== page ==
Oscars controversy over award presentation during commercial break


The Oscars has faced no shortage of controversy this year, with the latest instalment of backlash due to the decision to present four of the awards this year during commercial breaks. The chosen awards that didn’t quite make the cut are: cinematography, film editing, hair and make-up, and live-action shorts. An open letter has already been sent to the Academy, signed by directors such as Martin Scorsese, Quentin Tarantino and Spike Lee. It has been described as “nothing less than an insult to those of us who have devoted our lives and passions to our chosen profession.”

President of the Academy committee, John Bailey, has defended the decisions, saying that the “awards in four categories would be presented during the breaks” and “the winners’ speeches would be taped and aired later in the broadcast.”

In a more detailed letter, he explained the reasoning behind the changes:

As the Academy’s officers, we’d like to assure you that no award category at the 91st Oscars ceremony will be presented in a manner that depicts the achievements of its nominees and winners as less than any others. Unfortunately, as the result of inaccurate reporting and social media posts, there has been a chain of misinformation that has understandably upset many Academy members. We’d like to restate and explain the plans for presenting the awards, as endorsed by the Academy’s Board of Governors.

·    All 24 Award categories are presented on stage in the Dolby Theatre, and included in the broadcast.

·    Four categories – Cinematography, Film Editing, Makeup and Hairstyling, and Live Action Short – were volunteered by their branches to have their nominees and winners announced by presenters, and included later in the broadcast.  Time spent walking to the stage and off, will be edited out.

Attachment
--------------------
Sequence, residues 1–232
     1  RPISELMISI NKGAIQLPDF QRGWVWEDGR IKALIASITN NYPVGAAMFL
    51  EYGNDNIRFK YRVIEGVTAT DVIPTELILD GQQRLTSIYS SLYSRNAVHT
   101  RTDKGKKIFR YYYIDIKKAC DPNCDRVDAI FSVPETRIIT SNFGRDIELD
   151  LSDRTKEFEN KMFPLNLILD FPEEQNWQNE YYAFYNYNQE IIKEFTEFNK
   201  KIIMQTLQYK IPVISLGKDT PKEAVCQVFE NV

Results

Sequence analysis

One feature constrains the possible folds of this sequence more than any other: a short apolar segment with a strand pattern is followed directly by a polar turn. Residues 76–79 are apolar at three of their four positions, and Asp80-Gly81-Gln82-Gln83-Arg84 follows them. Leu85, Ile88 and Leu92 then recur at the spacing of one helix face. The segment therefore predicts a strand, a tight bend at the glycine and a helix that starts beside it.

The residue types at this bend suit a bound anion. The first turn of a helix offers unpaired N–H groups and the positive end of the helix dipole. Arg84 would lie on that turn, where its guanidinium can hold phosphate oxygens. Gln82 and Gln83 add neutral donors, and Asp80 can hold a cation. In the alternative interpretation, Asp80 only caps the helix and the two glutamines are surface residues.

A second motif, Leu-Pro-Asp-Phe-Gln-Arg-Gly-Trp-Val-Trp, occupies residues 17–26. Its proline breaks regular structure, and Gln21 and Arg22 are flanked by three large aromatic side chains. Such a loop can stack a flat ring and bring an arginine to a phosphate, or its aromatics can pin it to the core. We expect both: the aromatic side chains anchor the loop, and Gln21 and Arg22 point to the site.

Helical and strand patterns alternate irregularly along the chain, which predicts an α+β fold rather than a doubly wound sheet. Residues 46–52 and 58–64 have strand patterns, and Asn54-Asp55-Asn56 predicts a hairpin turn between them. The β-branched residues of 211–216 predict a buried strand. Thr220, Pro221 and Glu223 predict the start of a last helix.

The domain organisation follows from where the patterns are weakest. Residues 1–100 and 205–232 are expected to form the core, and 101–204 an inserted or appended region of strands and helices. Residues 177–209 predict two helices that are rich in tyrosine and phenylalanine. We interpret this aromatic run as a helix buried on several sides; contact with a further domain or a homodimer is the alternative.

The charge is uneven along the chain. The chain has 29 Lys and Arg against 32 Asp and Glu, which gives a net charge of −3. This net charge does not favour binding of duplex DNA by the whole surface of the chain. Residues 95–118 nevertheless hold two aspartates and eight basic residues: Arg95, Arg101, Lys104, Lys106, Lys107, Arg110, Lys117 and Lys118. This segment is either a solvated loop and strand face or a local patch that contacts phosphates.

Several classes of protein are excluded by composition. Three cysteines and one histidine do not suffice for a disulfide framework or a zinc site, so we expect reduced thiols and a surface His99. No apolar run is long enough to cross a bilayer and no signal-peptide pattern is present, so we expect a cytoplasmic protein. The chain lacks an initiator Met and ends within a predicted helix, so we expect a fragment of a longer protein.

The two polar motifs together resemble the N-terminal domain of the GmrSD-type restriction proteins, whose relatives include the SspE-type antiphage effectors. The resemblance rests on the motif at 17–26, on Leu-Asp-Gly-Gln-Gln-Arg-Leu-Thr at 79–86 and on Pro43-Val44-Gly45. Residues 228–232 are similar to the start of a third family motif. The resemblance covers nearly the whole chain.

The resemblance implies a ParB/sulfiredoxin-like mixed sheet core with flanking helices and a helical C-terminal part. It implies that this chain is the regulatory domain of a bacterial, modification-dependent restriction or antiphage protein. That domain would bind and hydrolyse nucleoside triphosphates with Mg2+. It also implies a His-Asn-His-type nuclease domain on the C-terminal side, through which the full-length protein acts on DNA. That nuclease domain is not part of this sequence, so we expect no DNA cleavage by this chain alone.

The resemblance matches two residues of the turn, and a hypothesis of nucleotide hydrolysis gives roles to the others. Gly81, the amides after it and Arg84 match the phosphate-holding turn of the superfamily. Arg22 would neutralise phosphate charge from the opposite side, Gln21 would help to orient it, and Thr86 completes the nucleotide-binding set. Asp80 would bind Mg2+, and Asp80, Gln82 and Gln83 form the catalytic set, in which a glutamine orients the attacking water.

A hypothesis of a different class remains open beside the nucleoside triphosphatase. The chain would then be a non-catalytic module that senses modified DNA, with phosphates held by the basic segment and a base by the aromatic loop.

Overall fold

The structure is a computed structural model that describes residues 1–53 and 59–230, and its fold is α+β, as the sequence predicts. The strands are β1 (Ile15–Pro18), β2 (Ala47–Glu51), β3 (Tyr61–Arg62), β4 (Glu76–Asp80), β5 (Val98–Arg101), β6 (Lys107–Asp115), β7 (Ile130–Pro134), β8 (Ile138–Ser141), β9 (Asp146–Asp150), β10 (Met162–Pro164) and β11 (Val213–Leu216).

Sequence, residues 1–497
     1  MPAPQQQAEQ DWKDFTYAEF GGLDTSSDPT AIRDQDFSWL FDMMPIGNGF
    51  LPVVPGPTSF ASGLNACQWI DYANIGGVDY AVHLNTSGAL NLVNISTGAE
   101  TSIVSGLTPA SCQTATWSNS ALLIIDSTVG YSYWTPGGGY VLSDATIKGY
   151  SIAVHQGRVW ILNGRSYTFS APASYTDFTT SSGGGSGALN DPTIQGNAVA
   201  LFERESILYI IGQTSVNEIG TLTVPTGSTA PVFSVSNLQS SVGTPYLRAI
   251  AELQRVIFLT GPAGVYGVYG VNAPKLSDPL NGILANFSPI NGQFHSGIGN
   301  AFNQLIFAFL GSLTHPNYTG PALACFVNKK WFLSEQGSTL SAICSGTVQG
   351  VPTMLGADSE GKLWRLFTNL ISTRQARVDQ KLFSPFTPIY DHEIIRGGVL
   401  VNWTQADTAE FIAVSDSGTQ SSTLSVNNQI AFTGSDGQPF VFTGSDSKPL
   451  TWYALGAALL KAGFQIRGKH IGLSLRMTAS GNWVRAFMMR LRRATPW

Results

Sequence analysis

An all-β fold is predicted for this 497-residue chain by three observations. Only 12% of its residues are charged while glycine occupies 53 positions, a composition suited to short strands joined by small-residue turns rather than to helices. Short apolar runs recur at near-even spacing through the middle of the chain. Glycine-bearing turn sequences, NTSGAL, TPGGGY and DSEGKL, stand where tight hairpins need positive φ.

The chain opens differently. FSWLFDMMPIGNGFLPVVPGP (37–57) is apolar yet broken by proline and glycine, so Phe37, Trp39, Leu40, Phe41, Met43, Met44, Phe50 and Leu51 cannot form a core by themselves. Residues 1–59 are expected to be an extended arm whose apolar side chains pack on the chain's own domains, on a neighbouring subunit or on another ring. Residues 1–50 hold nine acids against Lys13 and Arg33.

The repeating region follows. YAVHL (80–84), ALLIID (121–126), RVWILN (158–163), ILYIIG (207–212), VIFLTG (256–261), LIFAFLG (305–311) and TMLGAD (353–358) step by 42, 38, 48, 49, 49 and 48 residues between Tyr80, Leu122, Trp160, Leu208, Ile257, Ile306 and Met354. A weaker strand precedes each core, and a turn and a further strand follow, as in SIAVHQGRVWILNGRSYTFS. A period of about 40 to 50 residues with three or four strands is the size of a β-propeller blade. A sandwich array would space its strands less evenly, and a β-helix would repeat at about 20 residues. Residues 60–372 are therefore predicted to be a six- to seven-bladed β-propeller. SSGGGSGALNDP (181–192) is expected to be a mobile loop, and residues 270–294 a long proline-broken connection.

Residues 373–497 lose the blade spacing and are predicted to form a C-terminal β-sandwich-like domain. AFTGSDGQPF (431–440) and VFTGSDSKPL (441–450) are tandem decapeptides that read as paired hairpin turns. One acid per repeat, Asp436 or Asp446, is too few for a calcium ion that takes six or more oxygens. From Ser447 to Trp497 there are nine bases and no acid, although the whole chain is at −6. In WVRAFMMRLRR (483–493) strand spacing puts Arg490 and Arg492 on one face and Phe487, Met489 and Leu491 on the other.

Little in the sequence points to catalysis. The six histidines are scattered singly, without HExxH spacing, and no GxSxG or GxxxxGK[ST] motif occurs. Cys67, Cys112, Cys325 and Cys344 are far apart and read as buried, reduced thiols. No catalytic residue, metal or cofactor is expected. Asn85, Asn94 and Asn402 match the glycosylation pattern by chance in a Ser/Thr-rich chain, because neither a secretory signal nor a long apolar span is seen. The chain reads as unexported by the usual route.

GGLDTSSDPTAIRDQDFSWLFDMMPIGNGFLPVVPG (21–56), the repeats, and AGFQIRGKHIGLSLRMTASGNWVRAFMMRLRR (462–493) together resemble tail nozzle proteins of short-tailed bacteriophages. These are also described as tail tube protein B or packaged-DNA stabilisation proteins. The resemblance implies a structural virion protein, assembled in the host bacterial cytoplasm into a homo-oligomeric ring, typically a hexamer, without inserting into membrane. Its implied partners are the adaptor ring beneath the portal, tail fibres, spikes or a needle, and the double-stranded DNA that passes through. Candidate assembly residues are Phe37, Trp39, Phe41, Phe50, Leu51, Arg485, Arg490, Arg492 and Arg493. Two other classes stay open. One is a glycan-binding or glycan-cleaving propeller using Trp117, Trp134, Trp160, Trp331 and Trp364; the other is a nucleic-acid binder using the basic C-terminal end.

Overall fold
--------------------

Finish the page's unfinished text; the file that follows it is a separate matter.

·    The four winning speeches will be included in the broadcast.

·    In future years, four to six different categories may be selected for rotation, in collaboration with the show producers.  This year’s categories will be exempted in 2020.

·    This change in the show was discussed and agreed to by the Board of Governors in August, with the full support of the branch executive committees. Such decisions are fully deliberated.

Our show producers have given great consideration to both Oscar tradition and our broad global audience. 

We sincerely believe you will be pleased with the show, and look forward to celebrating a great year in movies with all Academy members and with the rest of the world.

Click on the link below to watch some of the public’s reaction to some of the many controversies from this year’s Oscars:


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